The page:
Register Forgot login?

© 2002-2019
Encyclopaedia Metallum

Best viewed
without Internet Explorer,
in 1280 x 960 resolution
or higher.

Privacy Policy

No þanks - 59%

MutantClannfear, January 2nd, 2014

Arckanum are a band whose discography is held in pretty high regards across-the-board, with most people agreeing that everything they've made is pretty fucking solid, but there's something in particular about ÞÞÞÞÞÞÞÞÞÞÞ that made it practically explode with popularity. From what I've seen, this album is a first in black metal for a lot of people who were relative newcomers to the genre at the time of its release; as such, it's managed to effectively establish itself as a classic of sorts in BM circles, to the point where this was actually recommended to me by one of my best friends due to how highly he regarded it. And with all this hype and expectation in mind, I bought a copy of it and listened to it, and listened to it in varying moods and environments, even shoved the entire CD case up my butt a few times, etc. I've come to the conclusion that this is in no way an album for me personally, and at the same time I feel that its reputation as a timeless triumph is at least a bit unfairly earned.

I don't very strongly believe in the concept of an album "getting stale" in terms of a listen or two. I hear this complaint thrown at music all the time, and usually the first thing that comes to my mind is that the person saying it has experienced a shift in mood, revisited the album and found it to be incompatible with their current musical preferences. I don't understand what kind of people can be so easily impressed by an album that's implied to be so obviously comprised of superficial tricks. But that's exactly what kind of album that ÞÞÞÞÞÞÞÞÞÞÞ is, and the first few times I heard it, I fell for it hook, line and sinker. It's so riffy! God, the riffs are so consistent and the chord progressions are amazing! It's got such an astounding sense of power and punch to it, it's just so energetic! And so on and so forth and whatever other positive traits you can think to apply to an album at first glance. It's only once you start trying to pay attention to the album as a whole that it starts to break its perfect posture a bit, and it slumps into this slouch that wouldn't fool anybody for scoliosis, but probably wouldn't win first-prize at a ballet recital either.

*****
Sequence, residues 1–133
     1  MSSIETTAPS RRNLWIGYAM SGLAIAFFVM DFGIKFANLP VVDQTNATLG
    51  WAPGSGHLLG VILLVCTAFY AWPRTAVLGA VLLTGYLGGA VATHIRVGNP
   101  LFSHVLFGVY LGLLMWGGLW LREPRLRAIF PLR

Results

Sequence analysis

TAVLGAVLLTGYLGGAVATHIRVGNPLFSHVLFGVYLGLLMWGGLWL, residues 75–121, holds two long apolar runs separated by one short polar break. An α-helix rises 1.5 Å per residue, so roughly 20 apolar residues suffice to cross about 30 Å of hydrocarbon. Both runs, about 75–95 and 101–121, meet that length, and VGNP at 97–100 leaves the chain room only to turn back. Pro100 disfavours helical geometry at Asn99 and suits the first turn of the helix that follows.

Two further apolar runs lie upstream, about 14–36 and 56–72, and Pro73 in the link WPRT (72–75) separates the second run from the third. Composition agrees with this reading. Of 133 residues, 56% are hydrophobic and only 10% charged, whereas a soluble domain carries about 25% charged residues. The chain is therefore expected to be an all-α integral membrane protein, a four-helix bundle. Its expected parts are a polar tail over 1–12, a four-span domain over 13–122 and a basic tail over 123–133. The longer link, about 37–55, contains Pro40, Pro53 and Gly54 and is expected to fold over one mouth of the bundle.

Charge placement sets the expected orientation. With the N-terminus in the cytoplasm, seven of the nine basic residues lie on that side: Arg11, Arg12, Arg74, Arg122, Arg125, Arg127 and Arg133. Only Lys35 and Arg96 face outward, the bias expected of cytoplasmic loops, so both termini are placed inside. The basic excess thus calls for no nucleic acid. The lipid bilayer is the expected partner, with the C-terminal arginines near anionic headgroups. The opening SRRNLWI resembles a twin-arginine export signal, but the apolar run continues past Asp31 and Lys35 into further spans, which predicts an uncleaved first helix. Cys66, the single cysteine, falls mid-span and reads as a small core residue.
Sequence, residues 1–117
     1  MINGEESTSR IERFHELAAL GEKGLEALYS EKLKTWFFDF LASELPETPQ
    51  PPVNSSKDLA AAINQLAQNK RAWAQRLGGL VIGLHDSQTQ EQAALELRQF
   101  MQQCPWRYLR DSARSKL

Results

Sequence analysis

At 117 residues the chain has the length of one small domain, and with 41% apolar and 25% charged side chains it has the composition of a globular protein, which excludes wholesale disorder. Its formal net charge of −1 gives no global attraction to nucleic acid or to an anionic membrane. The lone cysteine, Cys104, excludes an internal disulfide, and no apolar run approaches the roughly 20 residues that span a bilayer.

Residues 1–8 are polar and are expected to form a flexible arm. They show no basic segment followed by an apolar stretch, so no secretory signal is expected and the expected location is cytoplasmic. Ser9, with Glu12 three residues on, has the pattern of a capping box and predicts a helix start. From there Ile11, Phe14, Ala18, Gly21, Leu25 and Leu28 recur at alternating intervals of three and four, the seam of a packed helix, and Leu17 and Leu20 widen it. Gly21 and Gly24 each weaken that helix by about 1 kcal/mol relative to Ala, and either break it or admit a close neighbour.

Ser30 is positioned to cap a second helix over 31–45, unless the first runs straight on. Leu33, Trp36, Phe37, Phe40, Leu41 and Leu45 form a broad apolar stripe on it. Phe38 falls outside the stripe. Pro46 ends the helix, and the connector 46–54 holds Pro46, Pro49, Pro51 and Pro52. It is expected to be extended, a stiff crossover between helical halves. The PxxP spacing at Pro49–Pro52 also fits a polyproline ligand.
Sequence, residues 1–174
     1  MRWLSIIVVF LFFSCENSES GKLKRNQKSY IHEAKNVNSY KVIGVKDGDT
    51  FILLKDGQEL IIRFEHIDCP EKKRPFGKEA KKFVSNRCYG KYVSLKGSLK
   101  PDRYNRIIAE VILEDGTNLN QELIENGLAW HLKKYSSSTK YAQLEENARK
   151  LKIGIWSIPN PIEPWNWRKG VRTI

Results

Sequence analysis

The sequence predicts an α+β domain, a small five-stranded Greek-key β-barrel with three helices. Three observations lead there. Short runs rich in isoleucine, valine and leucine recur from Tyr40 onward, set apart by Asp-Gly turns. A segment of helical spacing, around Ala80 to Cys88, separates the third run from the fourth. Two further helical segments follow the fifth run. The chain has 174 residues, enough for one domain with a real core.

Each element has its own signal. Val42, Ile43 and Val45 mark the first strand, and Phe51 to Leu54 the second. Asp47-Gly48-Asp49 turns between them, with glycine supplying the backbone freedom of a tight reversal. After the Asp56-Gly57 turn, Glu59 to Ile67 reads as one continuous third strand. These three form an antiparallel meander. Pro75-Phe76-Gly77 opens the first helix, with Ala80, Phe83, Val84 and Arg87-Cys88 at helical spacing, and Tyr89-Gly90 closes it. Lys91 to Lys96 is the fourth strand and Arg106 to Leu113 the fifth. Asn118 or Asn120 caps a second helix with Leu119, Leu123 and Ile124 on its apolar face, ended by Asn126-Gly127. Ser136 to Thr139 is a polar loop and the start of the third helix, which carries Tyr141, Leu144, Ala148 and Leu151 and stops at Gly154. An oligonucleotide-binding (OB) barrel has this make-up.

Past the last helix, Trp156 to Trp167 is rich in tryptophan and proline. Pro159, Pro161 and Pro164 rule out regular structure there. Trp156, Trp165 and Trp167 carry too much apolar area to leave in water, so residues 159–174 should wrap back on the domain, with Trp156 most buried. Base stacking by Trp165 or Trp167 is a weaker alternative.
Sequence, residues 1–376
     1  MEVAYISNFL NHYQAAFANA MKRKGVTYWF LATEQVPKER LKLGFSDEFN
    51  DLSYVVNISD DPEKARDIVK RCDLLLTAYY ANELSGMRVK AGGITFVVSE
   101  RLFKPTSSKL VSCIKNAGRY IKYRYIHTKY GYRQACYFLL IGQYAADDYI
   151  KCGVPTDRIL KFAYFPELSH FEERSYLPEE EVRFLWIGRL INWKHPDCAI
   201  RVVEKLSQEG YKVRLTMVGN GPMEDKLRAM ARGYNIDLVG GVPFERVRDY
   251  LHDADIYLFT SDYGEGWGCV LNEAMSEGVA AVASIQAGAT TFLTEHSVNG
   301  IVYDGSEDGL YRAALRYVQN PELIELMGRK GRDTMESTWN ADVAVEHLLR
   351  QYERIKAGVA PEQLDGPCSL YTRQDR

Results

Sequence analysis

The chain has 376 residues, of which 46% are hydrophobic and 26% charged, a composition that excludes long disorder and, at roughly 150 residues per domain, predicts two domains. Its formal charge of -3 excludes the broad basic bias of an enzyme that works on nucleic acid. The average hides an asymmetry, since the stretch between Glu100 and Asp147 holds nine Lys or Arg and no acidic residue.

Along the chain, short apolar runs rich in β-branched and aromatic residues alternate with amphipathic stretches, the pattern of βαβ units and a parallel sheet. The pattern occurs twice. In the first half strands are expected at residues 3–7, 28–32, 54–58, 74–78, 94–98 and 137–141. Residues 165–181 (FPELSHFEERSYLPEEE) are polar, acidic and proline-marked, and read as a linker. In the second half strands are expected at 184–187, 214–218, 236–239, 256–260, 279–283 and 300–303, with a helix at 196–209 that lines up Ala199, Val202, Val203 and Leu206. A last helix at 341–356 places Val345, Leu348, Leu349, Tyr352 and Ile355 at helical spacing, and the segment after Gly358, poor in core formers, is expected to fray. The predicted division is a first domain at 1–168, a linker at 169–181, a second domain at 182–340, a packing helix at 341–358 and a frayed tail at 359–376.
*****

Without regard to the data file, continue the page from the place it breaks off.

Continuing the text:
In the interests of being fair, I'll start with the good - and thankfully, as a sort of saving grace for this album, the good is actually very good. While I'd love to say that the relatively clean production job is a turn-off, it's really not: it's clean, but there's a tinge of vehement dirtiness to the guitar tone that keeps it from sounding off-puttingly pedestrian. There's a fair bit of bass in the guitars, which gives them a substantial feeling of mass even though they're not especially loud. The atmosphere is also pretty potent when it gets itself together; most of the riffs on ÞÞÞÞÞÞÞÞÞÞÞ are composed of the same sort of thing I tend to expect from the more-well-composed Finnish/Swedish BM bands. The band chain simple but epic chords together into corresponding melodic patterns - not particularly cold nor dread-inducing nor vast nor intricate, but huge and easy-to-follow while maintaining a sense of earthiness. If anything, ÞÞÞÞÞÞÞÞÞÞÞ sounds like a "primal" form of black metal, the meat and potatoes of the genre after you strip away any sort of flair and extravagance to its presentation. And that may very well be what makes this "the shit" to people, which I can understand.